I’ll start with a side-note. In public debate, somehow, Network Neutrality ends up being represented as an absolutist concept, as “ISPs should perform no discrimination between the data travelling on their networks”. Now, as welcome an ideal as that is, the problem is that that is not practically possible, mostly because of Quality of Service (‘QoS’) concerns. This, of course, does not mean that Network Neutrality should not exist – there exist multiple proposals that reconcile these concerns with Network Neutrality, an example of the same being the application-agnostic discrimination, put forth by Barbara van Schewick.
Now, for the core argument, the concerns are a bit technical. A corollary of the Schumpeterian theory is that each and every innovation that breaks a previous monopoly ends up itself being monopolised in the long run. This is what happened with the telephone, the radio, the television, and cinema. This has not technically happened with the Internet (I elaborate on the “technically” below) in some places, an exception that Network Neutrality is credited with.
The concern this creates is, what happens, then, to the cycle of innovation? Arguably, the monopolisation of communication technologies was – crucially, only in part, and not entirely – what led to the creation of the internet as it was imagined in the 1980s and 1990s? For the sake of clarity, let’s make a differentiation here. Let’s say that the internet as it was perceived in the 1980s-1990s (mostly in the developed countries, to be honest) was the ‘original Internet’ (something which this video talks about), which prompted John Perry Barlow to make his famous Declaration of Independence of the Cyberspace (though I have learnt enough in the last few years to say that that declaration itself is problematic, and that a lack of regulation is not at all a viable proposal). And one of the core characteristics of this internet, I would argue, was ‘permission-less innovation’.
The internet that we have now is fundamentally, if not quintessentially, different from that internet – let’s call this the ‘neo-internet’. This ‘neo-internet’ is overall more convenient, of course, and is categorised by heavy regulation, surveillance and centralisation. Neo-internet cannot be characterised with ‘permission-less innovation’, at least not nearly to the same degree as the original internet. It is also characterised by increasing attempts (in frequency and power) by players in the primary market at the monopolisation of the secondary market, through either the removal of Network Neutrality principles themselves, or through their circumvention, or through a lack of extant competition and Net Neutrality regimes, so on and so forth. It is also characterised by increasing monopolisation within the secondary market itself, internet giants Google and Facebook being clear examples of the same.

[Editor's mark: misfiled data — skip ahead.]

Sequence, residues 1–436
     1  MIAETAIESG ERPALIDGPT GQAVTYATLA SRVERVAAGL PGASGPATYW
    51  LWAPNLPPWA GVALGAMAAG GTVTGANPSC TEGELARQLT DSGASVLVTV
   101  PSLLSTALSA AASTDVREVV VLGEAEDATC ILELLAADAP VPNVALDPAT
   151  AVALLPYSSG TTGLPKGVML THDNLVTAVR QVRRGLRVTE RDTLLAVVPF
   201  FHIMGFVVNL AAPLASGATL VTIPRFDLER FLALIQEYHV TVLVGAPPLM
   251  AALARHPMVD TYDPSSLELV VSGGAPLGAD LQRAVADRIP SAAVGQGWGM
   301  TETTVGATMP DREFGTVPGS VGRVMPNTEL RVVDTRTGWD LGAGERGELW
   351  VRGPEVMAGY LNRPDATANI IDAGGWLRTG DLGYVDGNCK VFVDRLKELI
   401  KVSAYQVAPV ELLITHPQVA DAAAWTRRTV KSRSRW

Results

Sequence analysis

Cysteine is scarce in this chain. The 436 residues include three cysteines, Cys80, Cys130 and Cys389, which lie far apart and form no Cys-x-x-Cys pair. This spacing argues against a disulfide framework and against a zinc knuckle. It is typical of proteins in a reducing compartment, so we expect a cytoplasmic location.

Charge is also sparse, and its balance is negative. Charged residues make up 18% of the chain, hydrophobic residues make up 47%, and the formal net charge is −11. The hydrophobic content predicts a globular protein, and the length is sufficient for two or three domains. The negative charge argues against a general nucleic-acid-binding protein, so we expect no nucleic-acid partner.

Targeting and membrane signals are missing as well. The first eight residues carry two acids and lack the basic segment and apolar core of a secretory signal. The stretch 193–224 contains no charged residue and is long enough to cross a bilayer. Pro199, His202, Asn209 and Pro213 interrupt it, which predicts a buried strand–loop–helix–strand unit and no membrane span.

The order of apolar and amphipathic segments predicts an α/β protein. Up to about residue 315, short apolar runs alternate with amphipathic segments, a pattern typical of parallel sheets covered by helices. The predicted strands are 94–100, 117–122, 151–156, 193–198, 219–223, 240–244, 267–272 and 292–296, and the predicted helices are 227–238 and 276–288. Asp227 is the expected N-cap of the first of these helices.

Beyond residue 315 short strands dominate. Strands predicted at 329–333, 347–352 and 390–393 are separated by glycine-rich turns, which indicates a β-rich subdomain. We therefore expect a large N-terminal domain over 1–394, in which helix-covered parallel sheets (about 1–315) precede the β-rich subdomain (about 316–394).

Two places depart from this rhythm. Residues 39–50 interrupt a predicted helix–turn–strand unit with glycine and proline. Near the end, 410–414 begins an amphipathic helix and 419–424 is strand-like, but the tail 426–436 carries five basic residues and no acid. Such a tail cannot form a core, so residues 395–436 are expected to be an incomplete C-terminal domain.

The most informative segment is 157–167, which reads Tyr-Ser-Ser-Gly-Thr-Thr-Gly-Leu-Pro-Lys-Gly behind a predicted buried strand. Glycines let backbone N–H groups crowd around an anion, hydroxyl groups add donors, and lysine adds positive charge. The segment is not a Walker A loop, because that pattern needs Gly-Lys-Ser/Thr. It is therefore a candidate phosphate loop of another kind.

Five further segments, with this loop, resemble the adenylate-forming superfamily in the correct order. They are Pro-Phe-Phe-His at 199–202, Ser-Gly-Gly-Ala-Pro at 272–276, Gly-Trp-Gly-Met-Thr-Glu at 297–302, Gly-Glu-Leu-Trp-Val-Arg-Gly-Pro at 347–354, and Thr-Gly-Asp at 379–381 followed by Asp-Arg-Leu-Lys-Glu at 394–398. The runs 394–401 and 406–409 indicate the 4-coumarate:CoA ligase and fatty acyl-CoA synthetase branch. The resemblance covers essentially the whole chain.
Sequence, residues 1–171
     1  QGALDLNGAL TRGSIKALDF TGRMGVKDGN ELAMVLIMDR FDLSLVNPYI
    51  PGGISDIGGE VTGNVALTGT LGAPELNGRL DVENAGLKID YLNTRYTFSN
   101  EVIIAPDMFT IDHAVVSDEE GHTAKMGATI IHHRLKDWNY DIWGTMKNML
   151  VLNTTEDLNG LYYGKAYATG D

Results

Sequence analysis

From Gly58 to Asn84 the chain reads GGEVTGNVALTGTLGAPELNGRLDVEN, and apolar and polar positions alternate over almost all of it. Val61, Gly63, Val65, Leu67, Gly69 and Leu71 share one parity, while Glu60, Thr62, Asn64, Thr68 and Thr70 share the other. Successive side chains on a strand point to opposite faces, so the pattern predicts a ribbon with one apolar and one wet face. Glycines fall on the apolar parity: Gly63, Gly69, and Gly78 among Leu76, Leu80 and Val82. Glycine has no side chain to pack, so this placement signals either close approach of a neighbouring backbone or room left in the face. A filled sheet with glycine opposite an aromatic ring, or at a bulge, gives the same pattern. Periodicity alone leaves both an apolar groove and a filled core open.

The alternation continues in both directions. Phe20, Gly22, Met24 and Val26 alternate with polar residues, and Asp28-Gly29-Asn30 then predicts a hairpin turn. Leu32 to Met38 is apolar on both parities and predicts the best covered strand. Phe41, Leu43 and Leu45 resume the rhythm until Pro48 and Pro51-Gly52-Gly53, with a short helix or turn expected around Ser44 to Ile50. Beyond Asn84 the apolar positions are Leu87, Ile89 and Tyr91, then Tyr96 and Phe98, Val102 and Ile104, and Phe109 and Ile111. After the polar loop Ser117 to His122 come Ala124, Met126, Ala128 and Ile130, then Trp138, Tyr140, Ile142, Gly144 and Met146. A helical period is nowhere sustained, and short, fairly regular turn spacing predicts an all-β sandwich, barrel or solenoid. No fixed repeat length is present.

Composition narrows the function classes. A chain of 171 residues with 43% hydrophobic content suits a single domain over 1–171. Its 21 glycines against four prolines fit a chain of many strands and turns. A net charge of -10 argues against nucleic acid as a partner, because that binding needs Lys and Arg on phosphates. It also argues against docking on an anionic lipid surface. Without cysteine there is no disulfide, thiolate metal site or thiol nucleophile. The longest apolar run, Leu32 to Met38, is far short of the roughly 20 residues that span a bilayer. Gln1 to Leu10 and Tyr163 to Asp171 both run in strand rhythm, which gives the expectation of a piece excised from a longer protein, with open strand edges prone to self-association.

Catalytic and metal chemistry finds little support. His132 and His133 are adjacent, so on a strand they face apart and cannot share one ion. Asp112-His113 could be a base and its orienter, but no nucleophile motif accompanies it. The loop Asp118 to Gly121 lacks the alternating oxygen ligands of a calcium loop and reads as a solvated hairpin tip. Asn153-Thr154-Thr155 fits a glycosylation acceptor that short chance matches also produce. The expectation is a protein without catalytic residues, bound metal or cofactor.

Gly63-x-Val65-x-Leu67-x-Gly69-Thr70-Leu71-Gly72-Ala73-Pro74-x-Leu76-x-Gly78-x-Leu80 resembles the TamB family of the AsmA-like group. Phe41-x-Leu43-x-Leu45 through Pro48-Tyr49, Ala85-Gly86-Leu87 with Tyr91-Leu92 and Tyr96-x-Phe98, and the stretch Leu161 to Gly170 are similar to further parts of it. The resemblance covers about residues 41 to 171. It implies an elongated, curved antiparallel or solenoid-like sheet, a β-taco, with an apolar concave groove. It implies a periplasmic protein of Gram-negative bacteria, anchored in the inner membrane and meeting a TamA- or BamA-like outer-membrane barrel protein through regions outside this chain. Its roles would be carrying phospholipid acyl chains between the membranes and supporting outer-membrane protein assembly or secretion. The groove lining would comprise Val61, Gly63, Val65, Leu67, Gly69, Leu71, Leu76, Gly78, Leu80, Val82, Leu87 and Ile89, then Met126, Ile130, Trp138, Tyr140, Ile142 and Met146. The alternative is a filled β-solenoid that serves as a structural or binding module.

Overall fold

And it would seem that the markets – the primary more so than the secondary – are responding to the same. Crucially, Network Neutrality creates a level of exemption for the Internet from the Schumpeterian cycle – but it does not immunise it. Innovation does not stop in its entirety, because even if the ‘necessity’ sourced from ‘monopolisation’ decreases, as is the case with a Net Neutrality enabled Internet, the necessity from other sources such as technological efficiency, penetration, cost-effectiveness, et alia, still prevails. That is why the models of internet themselves have advanced from dial-up to broadband to optical fibre (with drone- and hot air balloon-based provision of internet services being the latest in this regard), and the primary market has still seen continued evolution and innovation. Therefore, Network Neutrality puts the Internet somewhat outside the ambit of the monopolisation and destruction imagined by Schumpeter, but it does not mean that the Schumpeterian cycle shuts down.
But are we expecting too much of the Internet itself, and relying on it too much because of this? The internet as it currently exists is extremely different from what it was when it was created, and what was expected of it. The ‘internet’ as we know it is centralised, regulated, and subject to multiple levels and degrees of surveillance, something which is practically antithetical to its original image. And arguably, it is already well on the way to ‘monopolisation’ in many ways in its shifts towards the ‘neo-internet’, if not in the specific capitalist sense that Schumpeter spoke of, but with regards to the drawbacks that would come to the consumers from such monopolisation – i.e., increasing costs, increasing surveillance, increasing central regulation, so on and so forth. It is this very phenomenon that creates a need for newer services that run on the model of the original Internet, with the government arguably actually stepping into the shoes of the ‘monopolist’ to a certain extent.